When I was back on the boat, I learnt that two whale sharks had been swimming close to the boat. The snorkelling crowd and our crew had a fantastic time watching them from above. The boat took six hours to get to our next diving spot at Vaavu Atoll south of Malé. We had a lovely sunset when we passed an idyllic BBQ island (which we had a BBQ dinner the following evening).
The boat just moored off the Alimatha Resort. This time, we went for a night dive near the jetty at a depth of around 12m. Yenn, a diving master dropped tuna fish on the shallow rock bottom to feed the fish. I had a firm grip on the rocks and managed to watch the live show featuring dozens of giant trevallies and jacks, four nurse sharks and a huge marble ray. The sharks would squeeze their pointed flat head between rocks and into the sand to find food. I did not notice the ray was lying on top of my leg while a shark were at my feet for a few minutes! On a couple of occasions, the sharks swam towards, beside or above me: the biggest guy almost knocked me off!
I had a close encounter with sharks while feeding them on a diving trip in 2001 in Australia. But this is the first time I can look into their small eyes and observe how they suck in the water and throw the sand out through their gills. Their skin is like sand paper. We were back on the boat around 9pm and had a late dinner. What an awesome Shark Day!
Day 6 Thursday: 3 Dives at Vaavu Atoll – The Best Day
The sun was torching hot when we jumped off the dhoni at Miyaru Kanda around 7am. The sea was calm and looked like a mirror. This is one of the best spots for drift diving. The water was crystal clear with excellent visibility of some 30m. I dropped to about 32m before starting to drift upward. Finally we hooked ourselves onto rocks on the atoll with our face towards the deep channel. Like in a movie, I watched an eagle ray, a dozen of Grey sharks and white-tip reef sharks, tuna, blue trevallies, giant jacks, big Napoleon wrasse and many shoals of fusilier, rainbow runners and many families of coral fish swimming by. During the 15-minute ascent, I watched the most beautiful white sandy underwater landscape I have ever seen. The ever moving sand has sculptured a magnificent landscape scattered with dark tree-like corals that look like bonsai decorated with colourful coral fish.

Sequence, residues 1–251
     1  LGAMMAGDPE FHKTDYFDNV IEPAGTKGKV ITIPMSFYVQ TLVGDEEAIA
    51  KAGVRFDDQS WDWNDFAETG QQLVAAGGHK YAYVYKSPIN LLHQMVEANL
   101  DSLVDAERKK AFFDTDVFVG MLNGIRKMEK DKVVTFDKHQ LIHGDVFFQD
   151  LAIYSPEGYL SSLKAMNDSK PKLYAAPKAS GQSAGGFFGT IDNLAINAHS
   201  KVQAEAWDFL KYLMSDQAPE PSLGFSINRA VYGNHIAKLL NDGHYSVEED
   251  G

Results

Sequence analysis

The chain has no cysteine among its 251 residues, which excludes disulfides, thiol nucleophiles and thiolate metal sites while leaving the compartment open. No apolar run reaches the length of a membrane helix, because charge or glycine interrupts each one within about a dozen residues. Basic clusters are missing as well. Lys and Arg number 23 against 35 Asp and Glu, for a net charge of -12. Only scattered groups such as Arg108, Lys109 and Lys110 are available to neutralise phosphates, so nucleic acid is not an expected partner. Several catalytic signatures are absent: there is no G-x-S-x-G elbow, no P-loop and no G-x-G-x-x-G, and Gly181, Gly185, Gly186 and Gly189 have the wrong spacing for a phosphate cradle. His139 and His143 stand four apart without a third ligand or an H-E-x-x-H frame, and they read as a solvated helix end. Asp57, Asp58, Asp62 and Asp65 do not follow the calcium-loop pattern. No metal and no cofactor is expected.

After breakfast, the energetic group went for water ski-boarding and had great fun. I was lazy and laid in the shade on the sun-deck enjoying the breeze and expansive ocean.
We returned to the same spot for the second dive. I dropped to 33m but visibility was not as good as before. Anyway, I saw sharks and two eagle rays and a large shoal of groupers.
The third dive was called “Fun Express”. The water was clear and visibility was perfect. We dropped to the sandy bottom 20 metre-deep. Here we spent some ten minutes taking group photos. Then I took off the fins and walked bared footed. The white sand is soft and beautiful; the sea is surreal with a postcard range of purple – blue colours. On both sides of the sandy bottom are gentle slopes with the bonsai-like dark corals. I walked slowly gazing at small details that have gone unnoticed before. I saw goby, sandperch and other coral fish that look the same as in the book.